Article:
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Editorial: No need for a full-service veterans hospital

For the better part of a decade, every member of New Hampshire’s congressional delegatiyon has sponsored bills and promised to fight for the state to have a full-service veterans hospital of its own. Reps. Annie Kuster and Carol Shea-Porter did so again recently.

Though New Hampshire is the only state that lacks such a facility, there is a good reason why their efforts have come to naught. Returning the Veterans Administration Medical Center in Manchester to full-service status – it was downsized in 1999 for economic reasons – might not serve taxpayers or veterans well.

The VA hospital in Manchester offers primary care and services that most community hospitals don’t provide, things like treatment for post-traumatic stress disorder and traumatic brain injuries, which have increased tremendously due to the enemy use of roadside bombs.

But it makes more sense for veterans who need in-patient hospital care to receive it at area hospitals under contract with the Department of Veterans Affairs. That’s what happens to a limited extent now. While some vets seek inpatient care within the system at the veterans hospitals in Roxbury, Mass., or White River Junction, Vt., others are served by Concord Hospital, which invested in the capability to share medical records with the VA system to permit continuity of care.

New Hampshire is home to about 125,000 veterans. Some 22,000 of them receive their care in Manchester. The VA also operates four community-based outpatient clinics for veterans: in Tilton, Conway, Portsmouth and Somersworth.

A poll of the state’s veterans would likely find a divide. Some of them would want a full-service hospital exclusively for veterans, and some would prefer to have a special veteran’s card that allows them to be treated at their local hospital at government expense. Both systems have merit, but economy of scale is important. So is convenience.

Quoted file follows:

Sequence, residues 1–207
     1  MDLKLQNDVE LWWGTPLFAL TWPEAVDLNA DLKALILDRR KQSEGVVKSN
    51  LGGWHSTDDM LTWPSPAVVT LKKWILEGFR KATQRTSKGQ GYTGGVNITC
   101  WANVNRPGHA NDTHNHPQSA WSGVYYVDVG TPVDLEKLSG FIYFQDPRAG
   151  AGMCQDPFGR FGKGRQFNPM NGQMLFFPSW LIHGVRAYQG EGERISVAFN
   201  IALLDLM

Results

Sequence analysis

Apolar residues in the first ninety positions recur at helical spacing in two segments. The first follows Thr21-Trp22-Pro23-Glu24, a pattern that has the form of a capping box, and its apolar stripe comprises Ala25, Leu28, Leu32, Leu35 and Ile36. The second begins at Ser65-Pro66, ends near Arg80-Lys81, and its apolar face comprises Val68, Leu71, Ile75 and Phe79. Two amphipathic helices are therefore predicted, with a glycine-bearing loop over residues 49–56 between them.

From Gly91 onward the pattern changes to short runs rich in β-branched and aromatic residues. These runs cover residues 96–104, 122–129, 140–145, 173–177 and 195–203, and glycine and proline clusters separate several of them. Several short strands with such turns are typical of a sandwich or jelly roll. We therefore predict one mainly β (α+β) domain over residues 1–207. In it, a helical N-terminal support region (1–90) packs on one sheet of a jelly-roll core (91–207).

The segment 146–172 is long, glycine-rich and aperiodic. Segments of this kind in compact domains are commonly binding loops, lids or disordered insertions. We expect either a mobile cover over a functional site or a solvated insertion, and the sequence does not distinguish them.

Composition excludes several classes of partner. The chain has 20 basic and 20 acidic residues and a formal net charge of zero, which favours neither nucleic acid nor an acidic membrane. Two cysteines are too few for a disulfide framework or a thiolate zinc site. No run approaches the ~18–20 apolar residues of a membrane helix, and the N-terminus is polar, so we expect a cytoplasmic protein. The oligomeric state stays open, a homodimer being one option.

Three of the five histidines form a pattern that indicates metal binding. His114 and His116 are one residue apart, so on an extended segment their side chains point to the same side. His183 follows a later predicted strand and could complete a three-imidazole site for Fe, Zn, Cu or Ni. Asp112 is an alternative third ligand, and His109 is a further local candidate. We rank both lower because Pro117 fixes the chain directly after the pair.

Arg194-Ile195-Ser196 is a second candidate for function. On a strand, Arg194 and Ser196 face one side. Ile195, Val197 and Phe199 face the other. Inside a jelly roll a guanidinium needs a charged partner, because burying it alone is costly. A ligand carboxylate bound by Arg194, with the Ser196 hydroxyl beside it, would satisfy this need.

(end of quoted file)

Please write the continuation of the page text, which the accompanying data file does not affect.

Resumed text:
The wars in Iraq and Afghanistan have created a whole new population of veterans who may require care for a half-century or more. They rejoined a society that is far more mobile than the one veterans of past wars returned to. A system that allows veterans to receive care at any hospital authorized by the VA to provide it would serve them better than traveling to one of the nation’s 152 VA hospitals.

Creating a full-service hospital is expensive, with costs for a new one measured in the hundreds of millions of dollars. Surgeons need to see a large number of patients and perform procedures repeatedly to develop and retain expertise. The patient base served by a full-service Manchester veterans hospital wouldn’t be large enough to allow them to do that. Doctors would have to be shared with other hospitals. A full-service VA hospital in Manchester would be a needless duplication of available services, something a society that spends more than twice as much as any other on health care can no longer afford.

Promising veterans a full-service hospital every election cycle needlessly raises hopes and does them a disservice. The state’s congressional delegation successfully convinced the veterans administration to permit the outsourcing of some care and the opening of regional clinics. It succeeded because those measures make sense. A full-service VA hospital does not.

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